Gallery: The crumbling Buddhist kingdom of Bagan, Myanmar
After two years of exploring Southeast Asian temples, nothing stands out in my memory like the ruins of Bagan.
Formerly known as "Pagan," Bagan was founded in 849 AD and in only a few hundred years became the heart of a huge Buddhist kingdom.
Bagan was sacked in the 13th century, a casualty of the Mongol invasion. It's been in a state of slow decay ever since, succumbing to fire, earthquakes and looting.
All that remains today of King Aniruddha’s sprawling empire are the crumbling ruins stretched across the parched, flat plains of central Myanmar.
For those who find Cambodia’s Angkor too busy or the wats of Chiang Mai too shiny, Bagan is the perfect antidote.
For seven days I wake up at dawn to explore the maze of temples by bicycle, with map in hand and almost no tourists in sight. The temples are filled with colorful frescoes, gilded Buddhas and a few Myanmar characters.
Break of Dawn in Bagan
I’m not a morning person, but motivating myself to see these temples at dawn is no difficult task. My first choice: climbing Buledi to see the sunrise. I arrive in time to catch the outline of the temple in the morning light.
Balloon over Bagan
Htilominlo Paho at daybreak, with one of the many balloons that start to rise with the sun.
View from Buledi
Atop Buledi -- patches of morning fog still lingering on the ground and the bright sky and outline of distant temples make for the perfect introduction to Bagan.
I find this Burmese child perched on the edge of Buledi. He's one of only a few not to try and sell me a painting or ask for coins; he merely waves at me and runs off down a dusty road.
A perfect contrast
Part of what makes exploring Bagan so much fun is that the outside of a temple does not give any indication as to what is found inside its crumbling walls.
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I have no idea a chipped Buddha awaits inside, perfectly shadowed in the hallway. Because so few of the temples are written up in my guidebook, each one is a new adventure. Some contain Buddhas like this one, others frescoes on the ceilings and walls, slowly fading with time.
Somber Buddha is somber
Others were more ambitious, such as this huge, somber Buddha inside Thatbyannyu Paya.
This is a view of the Irrawaddy River from atop a temple in Old Bagan. Most of Bagan’s ruins cannot be climbed. Those that remain -- close to 2,500 temples of the initial 4,500 built by King Aniruddha -- are a mix of monasteries, small stupas and bigger temples. These ruins stretch over sandy fields until the plains end and the Irrawaddy River begins.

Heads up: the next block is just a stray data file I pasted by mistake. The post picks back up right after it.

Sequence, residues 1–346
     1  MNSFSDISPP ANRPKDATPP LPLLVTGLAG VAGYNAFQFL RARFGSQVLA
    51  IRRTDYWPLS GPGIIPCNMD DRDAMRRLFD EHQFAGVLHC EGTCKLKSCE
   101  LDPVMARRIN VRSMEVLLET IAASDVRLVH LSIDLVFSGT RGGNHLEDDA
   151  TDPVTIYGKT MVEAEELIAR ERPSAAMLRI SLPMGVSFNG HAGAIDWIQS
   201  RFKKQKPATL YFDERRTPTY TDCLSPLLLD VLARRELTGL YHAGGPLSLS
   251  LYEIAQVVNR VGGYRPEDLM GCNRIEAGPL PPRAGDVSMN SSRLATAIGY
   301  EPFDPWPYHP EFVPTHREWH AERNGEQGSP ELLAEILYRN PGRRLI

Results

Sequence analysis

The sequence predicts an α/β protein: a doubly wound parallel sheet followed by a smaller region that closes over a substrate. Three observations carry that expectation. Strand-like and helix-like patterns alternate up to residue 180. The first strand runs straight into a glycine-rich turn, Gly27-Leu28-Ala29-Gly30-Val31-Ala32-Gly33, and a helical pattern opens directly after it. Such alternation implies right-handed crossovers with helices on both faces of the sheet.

While I never tire of temple-hopping, I wish something could add more warmth to the ruins. Something with a big personality. And then, on my last sunset in Bagan, I run into this guy. Literally. I'm running toward a temple (#2101) that I have never seen before, and almost plow into this goat.
Several photos later, a smiling goat herder appears to let me know that temple #2101 is climbable and he has the key. He unlocks the creaking iron gates and we both squeeze through the narrow stairways and clamber through a tiny entrance to the terrace.
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Thinking monk thoughts
After 15 minutes of watching the beginnings of a sunset with the goat herder, this monk climbs to the terrace and sits in solitude until it is nearly dark.
Beginnings of a sunset
From atop Temple #2101, looking toward the mountains and away from the Irrawaddy River.
Sunset over Bagan
And what a sunset it is.
Twilight over Bagan
I stay on the temple with the goat herder and monk until twilight, leaving only when the moon arrives.
My trusty steed
Couldn’t have done it without my trusty bicycle.
Where to stay
Golden Village Inn (off Restaurant Row; doubles at US$12) or New Heaven (off Restaurant Row; doubles at $8)
Where to Eat
In Nyaung U: Aroma 2 (Restaurant Row, halfway down) for Indian food; the teahouse across the street from Aroma 2 for cheap and delicious naan and samosas. In Old Bagan, the Be Kind to Animals restaurant makes the best eggplant dish I’ve ever tasted (off Bagan-Nyaung U road near Ananda Paho)
What to read
"The River of Lost Footsteps," by Thant Myint-U. A comprehensive, well-written account of Myanmar’s sprawling history.
How to get there
Regular buses run from Mandalay to Bagan (8-10 hours; 9,000 kyat) or overnight from Yangon (15-plus hours; 18,000 kyat). You can also fly to Bagan from Yangon or Mandalay.
Outside of dry season, slow boats and a fast ferry ply the Irrawaddy River from Bagan to Mandalay several times per week.
Myanmar can be a difficult place to navigate due to political concerns. Check the latest travel news concerning the country before traveling.